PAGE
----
When in need of pastoral care, please call or email the church office (258-3160 or office@luthermem.org). In case of emergency or on weekends and evenings, please contact the pastors at home:
Pastor Franklin Wilson……204-9268
Pastor Brad Pohlman……..444-7604

 

Copyright © 2014 Luther Memorial Church, All rights reserved.

August 31, 2014

Sunday Forum

9:15 a.m., Great Room

Next week: Fall Welcome
Pastors Wilson and Pohlman will lead discussion on fall ministry at LM, review summer activities, and help preparefor the congregational meeting on Sunday, Sept. 14.

This week

Sunday, August 31
8 am Holy Communion
9:30 am Summer Choir Rehearsal
10:30 am Holy Communion

Monday, Sept. 1
Labor Day – Church Closed

Tuesday, Sept. 2
First day of LM Preschool
9 am Morning Prayer (Nave)
6:30 pm Library (Library)
7 pm Men’s Group (Fireside Rm)

Wednesday, Sept. 3
9 am Morning Prayer (Nave)
10:45 am Bible Study (Luther Room)
12 pm Organ Recital
5:30 pm Campus Communion

Thursday, Sept. 4
9 am Morning Prayer (Nave)
5:30 pm Recorder Ensemble
(Choir Room)
7 pm Adult Choir (Choir Room)

Friday, Sept. 5
9 am Morning Prayer (Nave)

Sunday, Sept. 7
8 am Holy Communion
9:15 am Sunday Forum (Great Room)
Sunday School (3rd Floor)
10:30 am Holy Communion
4:15 pm Children’s Choir (Choir Rm)
4:15 pm Training Choir (3rd Floor)
5 pm Youth Choir (Choir Room)
6 pm Confirmation (Great Room)

Upcoming Events

This Fall
Homecoming Sunday: Sunday, Sept. 7
Young Families Brunch: Saturday, Sept. 13, 9:30 am
Special Congregational Meeting: Sunday, Sept. 14, 9:15 am
The Road Home: Sept. 14-21
Game Night: Friday, Sept. 26
New Members Received: Sunday, Sept. 28
Women’s Retreat: Oct. 3-4
Pig Roast & Ministry Fair: Sunday, Oct. 12
Confirmation Retreat: Oct. 17-18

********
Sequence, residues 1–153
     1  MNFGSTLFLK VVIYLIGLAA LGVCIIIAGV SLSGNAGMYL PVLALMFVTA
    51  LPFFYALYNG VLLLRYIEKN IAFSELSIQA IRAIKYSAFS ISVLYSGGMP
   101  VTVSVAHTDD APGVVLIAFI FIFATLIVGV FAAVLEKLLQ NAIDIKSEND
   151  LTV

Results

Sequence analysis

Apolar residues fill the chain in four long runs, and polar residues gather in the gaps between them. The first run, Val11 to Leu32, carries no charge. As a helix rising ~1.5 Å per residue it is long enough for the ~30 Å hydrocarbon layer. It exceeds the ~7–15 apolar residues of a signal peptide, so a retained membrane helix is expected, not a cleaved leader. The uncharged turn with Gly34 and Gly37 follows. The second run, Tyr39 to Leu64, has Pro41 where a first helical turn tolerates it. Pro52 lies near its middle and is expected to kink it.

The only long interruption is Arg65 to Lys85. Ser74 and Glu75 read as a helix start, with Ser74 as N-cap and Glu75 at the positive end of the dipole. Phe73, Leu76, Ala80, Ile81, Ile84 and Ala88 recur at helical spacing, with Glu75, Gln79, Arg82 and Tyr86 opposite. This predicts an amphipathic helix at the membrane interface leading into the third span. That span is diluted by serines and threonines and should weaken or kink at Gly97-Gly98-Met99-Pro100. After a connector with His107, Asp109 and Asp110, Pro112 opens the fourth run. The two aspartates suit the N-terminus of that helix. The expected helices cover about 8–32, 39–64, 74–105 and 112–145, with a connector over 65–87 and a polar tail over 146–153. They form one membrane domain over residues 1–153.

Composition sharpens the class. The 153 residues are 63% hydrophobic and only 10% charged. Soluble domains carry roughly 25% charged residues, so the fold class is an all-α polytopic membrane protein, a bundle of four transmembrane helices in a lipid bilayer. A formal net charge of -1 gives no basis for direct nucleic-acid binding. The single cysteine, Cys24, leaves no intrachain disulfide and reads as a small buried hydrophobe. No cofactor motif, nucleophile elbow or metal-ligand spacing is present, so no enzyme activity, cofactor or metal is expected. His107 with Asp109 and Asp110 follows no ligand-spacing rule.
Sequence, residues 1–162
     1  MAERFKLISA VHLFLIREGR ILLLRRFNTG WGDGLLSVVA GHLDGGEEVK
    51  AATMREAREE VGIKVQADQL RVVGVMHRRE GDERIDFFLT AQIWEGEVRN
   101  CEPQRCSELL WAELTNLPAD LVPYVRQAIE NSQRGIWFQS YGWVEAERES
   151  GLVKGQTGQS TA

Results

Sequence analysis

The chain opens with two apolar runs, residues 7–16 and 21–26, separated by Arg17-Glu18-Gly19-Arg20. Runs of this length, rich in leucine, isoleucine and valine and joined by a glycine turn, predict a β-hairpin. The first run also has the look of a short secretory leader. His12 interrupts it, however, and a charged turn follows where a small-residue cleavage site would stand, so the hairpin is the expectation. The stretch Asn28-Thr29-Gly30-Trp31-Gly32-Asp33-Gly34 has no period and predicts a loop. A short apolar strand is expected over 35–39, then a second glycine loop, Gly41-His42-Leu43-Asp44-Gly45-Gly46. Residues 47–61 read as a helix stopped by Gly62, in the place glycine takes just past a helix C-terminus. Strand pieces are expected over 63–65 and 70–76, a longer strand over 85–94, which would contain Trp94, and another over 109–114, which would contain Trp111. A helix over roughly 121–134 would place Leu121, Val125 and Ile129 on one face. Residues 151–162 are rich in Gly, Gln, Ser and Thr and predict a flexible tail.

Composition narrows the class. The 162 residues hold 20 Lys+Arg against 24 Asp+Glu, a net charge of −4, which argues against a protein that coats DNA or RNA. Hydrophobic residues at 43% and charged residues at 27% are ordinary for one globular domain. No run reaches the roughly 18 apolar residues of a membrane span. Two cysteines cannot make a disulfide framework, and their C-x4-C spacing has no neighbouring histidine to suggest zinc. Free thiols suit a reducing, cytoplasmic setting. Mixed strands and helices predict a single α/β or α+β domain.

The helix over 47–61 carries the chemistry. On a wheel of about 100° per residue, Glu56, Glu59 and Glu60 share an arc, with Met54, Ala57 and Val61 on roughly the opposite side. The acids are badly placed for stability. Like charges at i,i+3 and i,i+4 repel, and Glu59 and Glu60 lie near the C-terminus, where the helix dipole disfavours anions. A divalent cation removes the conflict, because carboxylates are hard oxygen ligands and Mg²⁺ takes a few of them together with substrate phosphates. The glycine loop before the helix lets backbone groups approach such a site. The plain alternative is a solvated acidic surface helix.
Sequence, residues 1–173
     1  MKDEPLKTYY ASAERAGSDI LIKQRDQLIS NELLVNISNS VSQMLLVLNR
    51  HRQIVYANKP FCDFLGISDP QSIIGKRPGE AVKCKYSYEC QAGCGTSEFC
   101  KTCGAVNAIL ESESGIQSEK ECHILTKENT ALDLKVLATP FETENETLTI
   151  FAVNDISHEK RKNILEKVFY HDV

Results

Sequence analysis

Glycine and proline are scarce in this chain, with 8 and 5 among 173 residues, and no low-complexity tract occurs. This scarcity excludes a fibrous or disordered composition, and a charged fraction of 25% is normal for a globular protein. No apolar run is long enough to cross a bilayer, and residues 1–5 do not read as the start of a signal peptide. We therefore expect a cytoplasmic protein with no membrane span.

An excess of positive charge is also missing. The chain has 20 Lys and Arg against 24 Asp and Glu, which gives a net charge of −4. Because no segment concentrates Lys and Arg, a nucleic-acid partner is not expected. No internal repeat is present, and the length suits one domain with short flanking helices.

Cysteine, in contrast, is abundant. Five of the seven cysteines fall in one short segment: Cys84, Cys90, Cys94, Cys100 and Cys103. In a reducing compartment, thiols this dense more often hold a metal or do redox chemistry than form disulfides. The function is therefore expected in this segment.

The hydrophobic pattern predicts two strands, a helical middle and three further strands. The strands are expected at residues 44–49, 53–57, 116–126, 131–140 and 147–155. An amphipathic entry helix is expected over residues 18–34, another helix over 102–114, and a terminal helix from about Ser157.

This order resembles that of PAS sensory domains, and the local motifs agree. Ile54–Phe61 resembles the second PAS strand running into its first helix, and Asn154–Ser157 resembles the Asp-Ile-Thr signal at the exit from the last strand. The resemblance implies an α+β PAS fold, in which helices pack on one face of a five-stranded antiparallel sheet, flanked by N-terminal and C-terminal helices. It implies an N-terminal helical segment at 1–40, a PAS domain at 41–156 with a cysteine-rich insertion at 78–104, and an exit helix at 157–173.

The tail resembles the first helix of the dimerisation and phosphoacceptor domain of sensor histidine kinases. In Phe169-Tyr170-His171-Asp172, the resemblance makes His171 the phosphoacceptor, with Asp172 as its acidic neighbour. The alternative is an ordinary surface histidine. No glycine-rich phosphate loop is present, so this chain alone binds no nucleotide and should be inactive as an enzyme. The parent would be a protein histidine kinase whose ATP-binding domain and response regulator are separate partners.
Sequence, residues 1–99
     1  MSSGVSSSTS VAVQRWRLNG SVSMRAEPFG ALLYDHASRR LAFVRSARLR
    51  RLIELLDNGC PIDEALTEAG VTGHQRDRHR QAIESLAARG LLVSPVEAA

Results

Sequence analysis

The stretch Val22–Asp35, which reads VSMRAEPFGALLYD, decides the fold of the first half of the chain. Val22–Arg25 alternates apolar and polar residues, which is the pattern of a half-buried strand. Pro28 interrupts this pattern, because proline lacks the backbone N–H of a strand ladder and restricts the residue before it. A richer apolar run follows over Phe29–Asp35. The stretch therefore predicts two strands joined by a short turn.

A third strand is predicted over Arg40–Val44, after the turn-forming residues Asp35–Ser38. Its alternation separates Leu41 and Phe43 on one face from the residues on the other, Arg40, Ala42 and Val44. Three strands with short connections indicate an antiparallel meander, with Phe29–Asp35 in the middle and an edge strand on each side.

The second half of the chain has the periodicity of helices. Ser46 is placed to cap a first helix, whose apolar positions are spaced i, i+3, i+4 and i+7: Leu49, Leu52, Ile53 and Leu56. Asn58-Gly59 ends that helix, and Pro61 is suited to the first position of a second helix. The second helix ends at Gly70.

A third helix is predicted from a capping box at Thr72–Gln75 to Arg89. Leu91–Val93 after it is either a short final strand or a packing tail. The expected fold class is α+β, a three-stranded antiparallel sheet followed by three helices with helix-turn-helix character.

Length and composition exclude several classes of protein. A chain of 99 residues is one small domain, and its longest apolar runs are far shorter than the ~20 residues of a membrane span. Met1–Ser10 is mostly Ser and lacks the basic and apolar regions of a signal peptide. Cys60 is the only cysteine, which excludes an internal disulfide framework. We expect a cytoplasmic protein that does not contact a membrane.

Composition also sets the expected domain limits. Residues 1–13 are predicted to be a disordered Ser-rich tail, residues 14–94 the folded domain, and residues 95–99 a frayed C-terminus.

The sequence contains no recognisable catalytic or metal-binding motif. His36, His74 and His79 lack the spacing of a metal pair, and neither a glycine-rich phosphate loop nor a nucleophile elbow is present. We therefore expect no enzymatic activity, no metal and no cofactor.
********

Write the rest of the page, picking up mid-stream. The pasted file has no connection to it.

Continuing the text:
Food & Fellowship: Sunday, Oct. 26 (The Vintage)
New-to-Luther Orientation: Saturday, Nov. 1, 9 am
Men’s Retreat: Nov. 7-9
The Road Home: Nov. 16-23
“Joseph & the Amazing Technicolor Dreamcoat” Outing: Friday, Nov. 28, 2 pm

Mark your calendar!

Fall classes

All regular classes begin Sunday, Sept. 7! Contact Pastor Brad Pohlman at pohlman@luthermem.org to learn more.

Sunday Forum
Sundays: 9:15 am (Great Room)

Sunday School
Ages: 3 years – grade 6
Sundays 9:15 – 10:15 am
(Education wing, 3rd floor)

Nursery care for ages 0-4 will be available Sundays 10 am-noon.

Confirmation
Ages: grades 7-9
Sundays: 6 – 7:45 pm
(Great Room, Luther Room)

NEW! Women’s Study
Sunday evenings (Library)
Sept. 21, 28;  Oct. 5, 26;  Nov. 2, 9

Fall music

Rehearsals begin soon! Contact Bruce Bengtson at bengtson@luthermem.org to learn more.
Noon Organ Recitals
Wednesday, Sept. 3

Recorder Ensemble
Thursday, Sept. 4, 5:30 pm

Adult Choir
Thursday, Sept. 4, 7 pm

Bell Choir
Wednesday, Sept. 10, 7:30 pm

Training Choir
Sunday, Sept. 7, 4:15 pm

Children’s Choir
Sunday, Sept. 7, 4:15 pm

Youth Choir
Sunday, Sept. 7, 5 pm

Compline
Sunday, Sept. 7, 9 pm

Young families brunch: Sept 13

Category: News Tags: August 7, 2014 @ 8:00 am

Come for a morning of conversation and play on Saturday, Sept 13 at 9:30 am in the Great Room. We’ll enjoy brunch, then let the children play with toys from the preschool. Please bring an egg dish, fruit, breakfast pastry or juice to share. Learn more at the welcome desk or contact Kirsten Heggeseth (kheggeseth@gmail.com).

The Road Home: Sept 14-21

Category: News Tags: @ 7:00 am

Dale Lavelle and Larry Thies

Dale Lavelle & Larry Thies, coordinators for The Road Home at Luther Memorial Church